|1||Kentucky KM-270||22||2.75 pounds||1|| Check|
Kentucky KM-270 Artist A-Model Mandolin Vintage
Vintage example of the popular A-style instruments has a delicate and very expressive tone with a reverb component that smoothes and homogenizes the tremolo effect. The sonority is sweet. In comparison with that of instruments with a more modern design, it reveals itself guttural, in particular if the strings are plucked away from the bridge, while the definition is always excellent over the whole extension; the supercuts are brilliant and clear and are definitely strong when played near the bridge.
The projection is not its strong point while the dynamic is excellent, provided you do not force it to draw more sound than it is capable. The signal/noise ratio on the bass strings varies considerably depending on the force and the angle of impact of the plectrum; in particular it improves as the performer moves towards the fretboard, while on the high ones it remains practically constant. The mandolin remains an instrument with a “small” but extremely expressive voice, capable of becoming languid and it gives everything possible with a rigid but not too often elongated plectrum.
Features of then Kentucky KM-270 Artist A-Model Mandolin Vintage
- The model has a body design in the style of the 1920s;
- The body is made of the sitka spruce, the back and sides are of the maple;
- High-gloss sunburst lacquer finish;
- One-piece maple neck;
- Rosewood fingerboard with mother-of-pearl markers;
- 22 highly-polished nickel silver frets;
- High-quality tuning machines.
The mandolin is a purely solo instrument. It is also possible to use it “harmonically” to produce musical chords. To obtain the tremolo technique, it is essential that the plectrum be held firmly between the fingers, while the musician’s wrist must always remain loose and free to oscillate or there will be no chance of harmony.
The plectrum is also an important accessory for the execution. Its shape and the material of which it is composed influence and determine the sonority of the instrument.
Mandolin with an oval hole
As in all stringed instruments, the sound table has a sound hole from which the amplified sound from the speaker propagates outside. Shape and position of the hole, which opens at the top of the sound table at the end of the fingerboard and is almost always surrounded by decorative threads, change little in most traditional mandolins in which the hole can be indifferently round or oval. Mandolins with oval sound holes offer a characteristic sound that played a big role in the formation of music of the first half of the 20th century.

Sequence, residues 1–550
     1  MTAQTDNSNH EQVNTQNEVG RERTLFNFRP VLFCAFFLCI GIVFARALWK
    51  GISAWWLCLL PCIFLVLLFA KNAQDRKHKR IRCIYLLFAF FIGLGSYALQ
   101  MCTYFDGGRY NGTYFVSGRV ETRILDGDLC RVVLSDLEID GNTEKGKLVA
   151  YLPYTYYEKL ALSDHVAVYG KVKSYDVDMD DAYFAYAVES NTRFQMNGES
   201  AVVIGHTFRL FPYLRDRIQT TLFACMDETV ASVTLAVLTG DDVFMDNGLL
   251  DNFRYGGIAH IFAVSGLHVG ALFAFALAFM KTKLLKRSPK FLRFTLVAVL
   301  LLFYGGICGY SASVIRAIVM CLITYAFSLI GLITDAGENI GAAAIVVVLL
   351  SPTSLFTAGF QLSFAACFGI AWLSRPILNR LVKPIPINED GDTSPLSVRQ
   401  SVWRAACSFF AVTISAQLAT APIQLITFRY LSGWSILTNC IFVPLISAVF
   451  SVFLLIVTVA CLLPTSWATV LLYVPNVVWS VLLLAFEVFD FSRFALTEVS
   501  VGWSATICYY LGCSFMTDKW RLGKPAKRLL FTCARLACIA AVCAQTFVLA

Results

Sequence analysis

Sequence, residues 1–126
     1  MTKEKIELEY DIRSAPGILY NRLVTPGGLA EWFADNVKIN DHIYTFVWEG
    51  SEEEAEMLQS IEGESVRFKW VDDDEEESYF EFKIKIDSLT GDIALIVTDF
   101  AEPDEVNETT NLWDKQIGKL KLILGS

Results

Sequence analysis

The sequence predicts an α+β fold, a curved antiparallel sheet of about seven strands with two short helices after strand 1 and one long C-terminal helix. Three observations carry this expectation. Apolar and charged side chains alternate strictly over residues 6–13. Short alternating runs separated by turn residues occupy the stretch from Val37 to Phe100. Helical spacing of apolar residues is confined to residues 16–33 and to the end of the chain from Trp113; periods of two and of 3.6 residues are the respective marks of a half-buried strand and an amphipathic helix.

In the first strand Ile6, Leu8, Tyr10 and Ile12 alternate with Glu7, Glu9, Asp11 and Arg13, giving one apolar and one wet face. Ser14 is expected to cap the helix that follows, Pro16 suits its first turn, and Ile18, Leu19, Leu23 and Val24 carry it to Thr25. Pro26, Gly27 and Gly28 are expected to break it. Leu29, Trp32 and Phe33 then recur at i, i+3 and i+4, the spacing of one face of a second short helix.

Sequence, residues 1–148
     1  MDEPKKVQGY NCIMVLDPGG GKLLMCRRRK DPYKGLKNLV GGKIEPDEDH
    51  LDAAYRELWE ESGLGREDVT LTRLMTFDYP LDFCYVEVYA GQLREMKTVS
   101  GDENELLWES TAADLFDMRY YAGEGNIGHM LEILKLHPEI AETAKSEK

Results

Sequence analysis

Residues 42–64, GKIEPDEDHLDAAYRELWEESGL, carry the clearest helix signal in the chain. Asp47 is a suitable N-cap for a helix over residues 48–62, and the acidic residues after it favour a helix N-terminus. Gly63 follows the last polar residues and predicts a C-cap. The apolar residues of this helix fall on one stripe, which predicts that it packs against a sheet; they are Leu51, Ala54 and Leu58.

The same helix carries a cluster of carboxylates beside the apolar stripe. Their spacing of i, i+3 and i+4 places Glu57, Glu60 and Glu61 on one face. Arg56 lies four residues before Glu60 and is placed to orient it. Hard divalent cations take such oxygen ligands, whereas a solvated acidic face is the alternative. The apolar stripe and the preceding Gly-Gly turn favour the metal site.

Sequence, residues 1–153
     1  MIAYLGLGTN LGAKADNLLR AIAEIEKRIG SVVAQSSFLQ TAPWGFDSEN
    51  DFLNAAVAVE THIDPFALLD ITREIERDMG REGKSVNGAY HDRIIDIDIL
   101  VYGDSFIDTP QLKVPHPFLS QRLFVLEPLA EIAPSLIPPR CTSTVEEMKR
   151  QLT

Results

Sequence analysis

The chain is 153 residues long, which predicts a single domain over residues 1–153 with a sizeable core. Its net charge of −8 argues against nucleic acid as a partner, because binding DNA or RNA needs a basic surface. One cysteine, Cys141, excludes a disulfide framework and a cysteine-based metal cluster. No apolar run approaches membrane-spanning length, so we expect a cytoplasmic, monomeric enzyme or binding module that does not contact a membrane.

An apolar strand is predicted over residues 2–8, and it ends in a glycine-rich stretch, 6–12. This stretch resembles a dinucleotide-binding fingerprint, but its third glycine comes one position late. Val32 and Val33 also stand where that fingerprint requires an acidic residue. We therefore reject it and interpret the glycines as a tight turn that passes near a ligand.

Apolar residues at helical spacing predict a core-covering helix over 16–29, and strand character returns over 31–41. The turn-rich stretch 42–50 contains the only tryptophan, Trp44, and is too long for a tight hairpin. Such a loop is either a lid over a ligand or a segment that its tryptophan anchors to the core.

More or less at the center of the sound table is the bridge, a thin oblong wooden structure of pyramidal profile through which the vibrations of the strings in tension, positioned by slight grooves that determine spacing, height and diapason, press on it transmitting the vibrations at the soundboard that has the task of amplifying them. Essential for the sound is the base of the bridge which must be shaped to match perfectly with the sound table in order to offer the maximum contact surface.
How to choose a plectrum
The plectrum is held between the thumb and the forefinger for 1/3 of its length and with the simple movement of the wrist you have to strike once the string pair from top to bottom and from bottom to top. Performing this alternating movement very quickly on the same note gives the tremolo or trillato, an effect that makes the sound of this instrument unique.
In the music market there are millions of plectrums, each one different from the other, but they have the same objective. Therefore, if you want to acquire the correct prong is necessary to experiment with the weight of each of them, among all you will find one that suits and accommodate you. It is advisable to use those that are light and medium, but it is not a primordial rule.
How to hold the Mandolin
Mandolin in American culture
The mandolin entered American culture through the waves of European immigration in the early nineteenth century, in a period of great interest in everything that was exotic and foreign. By the 1850s, the mandolin was in vogue and shared popularity with sitar, ukuleles and other novelties that entertained the American middle class.
With an increase in Italian immigration in the 1880s, the Neapolitan mandolin spread even further throughout the United States. By the turn of the century many orchestras were already in mandolins and these began to form schools. In this period the mandolin was the most popular instrument in American culture.